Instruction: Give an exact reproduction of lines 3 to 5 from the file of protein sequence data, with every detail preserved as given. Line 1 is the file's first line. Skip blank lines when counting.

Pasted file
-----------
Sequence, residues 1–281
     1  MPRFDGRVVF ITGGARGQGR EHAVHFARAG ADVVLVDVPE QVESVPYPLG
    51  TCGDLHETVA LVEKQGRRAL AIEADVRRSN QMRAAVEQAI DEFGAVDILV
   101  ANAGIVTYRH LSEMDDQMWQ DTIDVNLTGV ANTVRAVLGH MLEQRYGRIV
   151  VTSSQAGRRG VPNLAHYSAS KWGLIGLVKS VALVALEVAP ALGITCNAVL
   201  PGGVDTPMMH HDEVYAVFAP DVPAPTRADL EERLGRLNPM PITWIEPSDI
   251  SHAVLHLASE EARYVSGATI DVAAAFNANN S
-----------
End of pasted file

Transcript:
    51  TCGDLHETVA LVEKQGRRAL AIEADVRRSN QMRAAVEQAI DEFGAVDILV
   101  ANAGIVTYRH LSEMDDQMWQ DTIDVNLTGV ANTVRAVLGH MLEQRYGRIV
   151  VTSSQAGRRG VPNLAHYSAS KWGLIGLVKS VALVALEVAP ALGITCNAVL